Many sports teams follow a policy known as “draft and develop,” which means rather than pay high-priced free agent players from other teams, they choose to draft young, hungry players and help them develop into starters and leaders.
Wehr Constructors believes in a similar philosophy with its workforce, which is a big reason attrition is low at the constitution management and general contracting company. Two current employees who exemplify this belief system are Brandon Boyer and Jerusha Caple.
Boyer, a 2001 Henry County High School graduate, poured and finished concrete after high school, and joined Wehr in 2002 as a laborer. Within five years, he was promoted to foreman – still doing labor, but bearing the responsibility of coordinating other workers on the job site, filing daily reports and monitoring hours worked for his crew.
The next year, Boyer began taking online construction classes such as construction management, how to read blueprints, construction mathematics, estimates, and more. For four years, while still working full-time, he took these six-week courses to help prepare himself for a brighter future in construction.
Boyer was promoted to assistant superintendent in 2011, which is when he took on a larger role in the company, helping to manage subcontractors, scheduling, and monitoring quality control and job site safety. By 2014, he was given his first superintendent assignment at Bourbon Community Hospital in Paris, Ky.
“I started from the bottom and got to see what was required to complete a job from start to finish at every level,” Boyer said. “From digging the first ditch to pouring footings to completing the final touches on a punch list and turning over a finished product to the owner. There was a lot of hard work and long hours, but I learned to respect the jobs of every trade along the way because I had been there and done the work myself.”
Boyer is now an estimator, responsible for preparing an estimate of job cost and crew size based on blueprints and written specifications for new construction, additions, or remodels of existing facilities. Boyer reports he is more confident in himself than he was a decade ago, in large part because of the experience he’s had climbing the ranks at Wehr. Not bad for a kid just out of high school who at first was just looking to pay the bills.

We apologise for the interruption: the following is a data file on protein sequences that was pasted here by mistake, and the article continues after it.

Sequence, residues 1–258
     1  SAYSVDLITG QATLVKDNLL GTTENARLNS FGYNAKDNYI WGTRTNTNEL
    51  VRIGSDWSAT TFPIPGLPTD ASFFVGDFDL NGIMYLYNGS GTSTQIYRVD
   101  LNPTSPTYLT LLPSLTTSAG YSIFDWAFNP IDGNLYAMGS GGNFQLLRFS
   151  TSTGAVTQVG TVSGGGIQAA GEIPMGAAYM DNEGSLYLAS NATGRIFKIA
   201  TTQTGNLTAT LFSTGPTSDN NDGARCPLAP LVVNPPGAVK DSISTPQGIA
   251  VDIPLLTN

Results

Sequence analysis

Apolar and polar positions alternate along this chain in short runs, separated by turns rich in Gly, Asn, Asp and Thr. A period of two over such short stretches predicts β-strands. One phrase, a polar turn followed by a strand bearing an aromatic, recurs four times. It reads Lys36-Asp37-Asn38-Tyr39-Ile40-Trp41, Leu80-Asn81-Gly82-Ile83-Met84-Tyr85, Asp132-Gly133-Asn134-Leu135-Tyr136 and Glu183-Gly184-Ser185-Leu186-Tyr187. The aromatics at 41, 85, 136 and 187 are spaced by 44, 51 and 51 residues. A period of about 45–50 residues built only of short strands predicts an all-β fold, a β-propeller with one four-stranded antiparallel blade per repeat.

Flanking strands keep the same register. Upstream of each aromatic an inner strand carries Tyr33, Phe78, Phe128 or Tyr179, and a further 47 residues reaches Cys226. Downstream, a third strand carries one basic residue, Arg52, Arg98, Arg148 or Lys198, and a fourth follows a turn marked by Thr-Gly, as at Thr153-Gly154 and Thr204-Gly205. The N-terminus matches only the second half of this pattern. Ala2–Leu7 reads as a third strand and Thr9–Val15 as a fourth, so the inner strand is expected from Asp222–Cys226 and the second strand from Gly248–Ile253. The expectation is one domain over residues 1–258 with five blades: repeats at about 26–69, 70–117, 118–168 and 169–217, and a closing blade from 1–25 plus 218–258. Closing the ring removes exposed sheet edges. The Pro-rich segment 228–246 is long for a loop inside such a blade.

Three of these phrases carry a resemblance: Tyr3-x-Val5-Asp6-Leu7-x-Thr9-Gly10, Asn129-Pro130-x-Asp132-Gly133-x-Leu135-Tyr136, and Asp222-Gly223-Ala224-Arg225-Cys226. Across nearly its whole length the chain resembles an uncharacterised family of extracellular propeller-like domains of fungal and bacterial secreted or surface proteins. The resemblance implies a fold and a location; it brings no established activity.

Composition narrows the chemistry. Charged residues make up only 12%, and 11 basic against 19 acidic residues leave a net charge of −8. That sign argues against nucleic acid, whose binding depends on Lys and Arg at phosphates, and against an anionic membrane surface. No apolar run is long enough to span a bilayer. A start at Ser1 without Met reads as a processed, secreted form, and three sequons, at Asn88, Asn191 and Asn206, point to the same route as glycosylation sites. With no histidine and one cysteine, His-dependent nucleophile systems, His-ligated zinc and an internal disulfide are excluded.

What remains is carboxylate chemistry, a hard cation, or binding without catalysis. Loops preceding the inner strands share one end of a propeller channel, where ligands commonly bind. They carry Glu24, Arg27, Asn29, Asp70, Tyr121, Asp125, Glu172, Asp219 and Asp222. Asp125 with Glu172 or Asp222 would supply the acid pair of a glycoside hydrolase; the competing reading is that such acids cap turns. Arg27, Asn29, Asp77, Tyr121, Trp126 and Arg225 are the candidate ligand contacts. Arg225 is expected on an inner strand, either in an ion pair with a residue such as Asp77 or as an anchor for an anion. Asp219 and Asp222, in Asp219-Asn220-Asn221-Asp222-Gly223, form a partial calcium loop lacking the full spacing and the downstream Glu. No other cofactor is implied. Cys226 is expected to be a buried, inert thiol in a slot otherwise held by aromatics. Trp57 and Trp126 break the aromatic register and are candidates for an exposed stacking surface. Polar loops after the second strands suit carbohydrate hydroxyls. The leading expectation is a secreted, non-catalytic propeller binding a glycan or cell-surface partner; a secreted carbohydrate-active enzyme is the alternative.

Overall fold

“I’m a better leader and probably a better father because of the experience with Wehr and relationships I have developed with co-workers,” he said. “Wehr has been awesome.”
Caple’s story is a bit different, but definitely similar. She studied construction management at Middle Tennessee State, graduating in 2008 – just when the “construction downturn” was beginning, meaning jobs were scarce. She worked instead as a site director for a before and after school program in Tennessee.
She met her now-husband in 2009, and decided to move to Louisville in fall of 2010, taking a job as a project assistant at Wehr the following February. It was the only position open at the company at the time.
“I was happy to learn the ropes,” Caple said, “as I had no prior construction experience.”
She said her co-workers were not just willing but eager to help her by answering all her questions and helping her move forward in her knowledge of the construction business and how Wehr operated. Along the way, with Wehr’s help, she earned her master’s degree in Project Management from Embry–Riddle Aeronautical University.
Caple has since been promoted to project manager, wherein she handles projects from pre-construction, to bidding, to completion.
“Wehr is not simply a company to work for, they are a family,” Caple, now a mother of three boys under the age of six, said. “The owners of Wehr, the Berry’s, have always had an open-door policy where you can come talk to them anytime to discuss your projects or any aspect of your life.”